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The president’s new budget proposal calls for directing hundreds of millions of dollars in construction grants to bus and rail improvements across six states.
The Biden administration wants to boost major bus and rail projects in six states as part of a spending blueprint it delivered to Congress this week.
The new projects that the U.S. Department of Transportation included in its budget request would be in New York, New Jersey, Los Angeles, Seattle, the San Francisco Bay Area, Memphis, Tennessee and San Antonio. The projects are far along enough in their planning stages that federal officials anticipate that they could be ready for federal funding in the next fiscal year.
“By providing projects in the pipeline the potential to advance to construction grant agreements when they are ready, rather than making them wait for the next federal budget cycle to be completed, an opportunity exists to advance the projects more quickly and thereby minimize cost escalation and possible financing costs,” the Federal Transit Administration explained in budget documents.
All the projects would require local sources of funding, in addition to any money coming from Washington.
The new projects that the administration recommended funding of are:
New York and New Jersey: The construction of rail tunnels underneath the Hudson River between the two states. The new tunnels would alleviate a chokepoint in Amtrak’s Northeast Corridor leading into New York’s Penn Station, and would be part of a $12 billion effort called the Gateway Project to increase capacity there. The Biden administration recommended $100 million for the project, far from the total price of the improvements.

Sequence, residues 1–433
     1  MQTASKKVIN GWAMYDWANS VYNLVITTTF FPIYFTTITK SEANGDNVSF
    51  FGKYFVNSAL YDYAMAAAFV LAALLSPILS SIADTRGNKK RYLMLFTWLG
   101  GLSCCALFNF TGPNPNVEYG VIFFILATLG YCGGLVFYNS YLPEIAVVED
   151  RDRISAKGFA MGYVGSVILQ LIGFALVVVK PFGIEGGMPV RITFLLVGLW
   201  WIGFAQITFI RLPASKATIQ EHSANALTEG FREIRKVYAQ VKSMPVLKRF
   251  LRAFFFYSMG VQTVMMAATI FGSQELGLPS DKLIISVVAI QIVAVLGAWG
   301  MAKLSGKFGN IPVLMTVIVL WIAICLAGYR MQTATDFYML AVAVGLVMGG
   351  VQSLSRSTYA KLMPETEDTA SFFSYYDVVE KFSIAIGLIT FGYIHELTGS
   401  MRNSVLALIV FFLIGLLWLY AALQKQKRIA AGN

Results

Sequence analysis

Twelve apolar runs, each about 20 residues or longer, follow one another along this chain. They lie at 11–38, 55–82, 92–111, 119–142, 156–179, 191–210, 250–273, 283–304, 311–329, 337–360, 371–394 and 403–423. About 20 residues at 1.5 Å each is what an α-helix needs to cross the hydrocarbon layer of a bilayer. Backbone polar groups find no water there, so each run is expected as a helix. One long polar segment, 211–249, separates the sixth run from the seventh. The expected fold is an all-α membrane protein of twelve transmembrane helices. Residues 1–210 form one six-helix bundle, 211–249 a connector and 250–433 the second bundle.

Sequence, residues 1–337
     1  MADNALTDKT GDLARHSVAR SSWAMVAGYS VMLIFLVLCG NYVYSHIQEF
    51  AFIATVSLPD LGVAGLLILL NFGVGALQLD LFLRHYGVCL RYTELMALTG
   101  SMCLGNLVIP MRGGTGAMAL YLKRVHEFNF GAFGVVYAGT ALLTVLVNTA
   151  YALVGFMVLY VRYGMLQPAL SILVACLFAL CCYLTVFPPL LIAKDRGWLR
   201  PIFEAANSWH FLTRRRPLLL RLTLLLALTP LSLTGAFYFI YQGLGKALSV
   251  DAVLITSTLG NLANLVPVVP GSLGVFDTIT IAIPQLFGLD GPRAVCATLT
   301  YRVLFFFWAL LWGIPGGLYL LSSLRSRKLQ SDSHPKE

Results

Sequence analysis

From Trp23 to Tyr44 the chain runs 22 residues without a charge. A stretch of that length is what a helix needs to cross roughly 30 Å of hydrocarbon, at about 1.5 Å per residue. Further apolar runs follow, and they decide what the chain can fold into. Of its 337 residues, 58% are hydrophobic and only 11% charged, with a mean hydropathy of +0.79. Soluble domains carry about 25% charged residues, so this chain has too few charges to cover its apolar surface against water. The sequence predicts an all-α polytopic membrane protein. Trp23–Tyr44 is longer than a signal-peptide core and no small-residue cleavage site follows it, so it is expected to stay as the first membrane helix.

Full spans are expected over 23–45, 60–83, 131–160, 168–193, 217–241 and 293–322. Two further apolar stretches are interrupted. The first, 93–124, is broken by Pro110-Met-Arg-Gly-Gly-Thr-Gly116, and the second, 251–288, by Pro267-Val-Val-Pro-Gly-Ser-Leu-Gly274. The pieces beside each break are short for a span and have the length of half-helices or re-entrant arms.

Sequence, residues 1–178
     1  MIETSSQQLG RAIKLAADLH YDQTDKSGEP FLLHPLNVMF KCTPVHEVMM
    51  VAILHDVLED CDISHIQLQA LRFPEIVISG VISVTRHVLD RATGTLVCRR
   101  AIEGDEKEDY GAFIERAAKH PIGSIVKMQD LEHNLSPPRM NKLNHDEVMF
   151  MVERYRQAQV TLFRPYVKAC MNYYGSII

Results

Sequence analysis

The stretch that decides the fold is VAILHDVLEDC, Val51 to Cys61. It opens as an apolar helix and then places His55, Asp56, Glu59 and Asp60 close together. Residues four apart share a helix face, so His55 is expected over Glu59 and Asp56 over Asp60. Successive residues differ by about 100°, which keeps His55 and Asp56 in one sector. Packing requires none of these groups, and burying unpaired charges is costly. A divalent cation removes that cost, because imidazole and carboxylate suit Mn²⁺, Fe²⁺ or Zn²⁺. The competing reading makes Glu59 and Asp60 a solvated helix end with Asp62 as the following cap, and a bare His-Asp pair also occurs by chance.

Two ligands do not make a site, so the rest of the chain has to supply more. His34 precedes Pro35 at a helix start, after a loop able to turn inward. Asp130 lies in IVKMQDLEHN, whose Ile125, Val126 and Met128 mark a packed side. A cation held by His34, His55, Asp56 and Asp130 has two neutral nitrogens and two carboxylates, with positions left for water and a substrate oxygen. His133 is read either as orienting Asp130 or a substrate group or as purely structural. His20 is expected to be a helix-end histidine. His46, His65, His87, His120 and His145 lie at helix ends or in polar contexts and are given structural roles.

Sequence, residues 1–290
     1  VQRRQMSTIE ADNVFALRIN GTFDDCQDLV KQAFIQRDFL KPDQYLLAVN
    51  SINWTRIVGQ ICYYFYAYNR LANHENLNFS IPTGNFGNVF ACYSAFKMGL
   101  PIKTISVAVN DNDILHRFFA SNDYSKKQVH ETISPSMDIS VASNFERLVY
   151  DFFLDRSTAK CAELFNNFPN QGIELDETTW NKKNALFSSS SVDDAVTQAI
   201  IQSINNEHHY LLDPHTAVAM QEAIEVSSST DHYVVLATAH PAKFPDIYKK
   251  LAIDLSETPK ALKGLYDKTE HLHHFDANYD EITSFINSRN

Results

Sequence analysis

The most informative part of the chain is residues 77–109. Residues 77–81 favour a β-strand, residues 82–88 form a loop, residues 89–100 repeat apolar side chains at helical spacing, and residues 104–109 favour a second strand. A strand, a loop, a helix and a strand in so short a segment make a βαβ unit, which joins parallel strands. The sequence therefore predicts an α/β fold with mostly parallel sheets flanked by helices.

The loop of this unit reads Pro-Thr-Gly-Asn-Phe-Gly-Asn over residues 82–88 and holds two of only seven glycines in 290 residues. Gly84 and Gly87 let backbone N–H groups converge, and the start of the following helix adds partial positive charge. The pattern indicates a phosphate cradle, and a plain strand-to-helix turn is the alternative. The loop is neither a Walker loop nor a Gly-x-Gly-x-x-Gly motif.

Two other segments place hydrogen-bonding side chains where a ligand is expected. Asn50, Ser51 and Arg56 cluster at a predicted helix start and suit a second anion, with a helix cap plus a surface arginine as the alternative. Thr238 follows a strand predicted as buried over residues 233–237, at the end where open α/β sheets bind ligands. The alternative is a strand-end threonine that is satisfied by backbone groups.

But there are still many questions about how the project would be governed as well as financed. FTA Administrator Nuria Fernandez said including the money in the president’s budget was an “affirmation that they are on the right track.”
New York City: Another 1.5-mile segment of the Second Avenue subway on the east side of Manhattan to East Harlem. The administration proposed $400 million for the project, which includes three new stations. The extension would bring the line from 96th Street to 125th Street. Polly Trottenberg, the second-highest official at the federal transportation department and a former New York City transportation commissioner, said the extension would “provide an incredibly important link to a community that has been traditionally underserved.”
The project, which was first proposed nearly a century ago, has been controversial because of its enormous cost. The New York Times estimated that the most recent segment of the subway cost $2.5 billion a mile, the most expensive transit project in the world. Trottenberg said the Biden administration would try to keep costs down. “We’re going to be working closely with the MTA (Metropolitan Transportation Authority) and other grantees to do everything we can to make sure we’re delivering projects that are the best use of taxpayer dollars, and that are as on time and on budget as they can be,” she told reporters.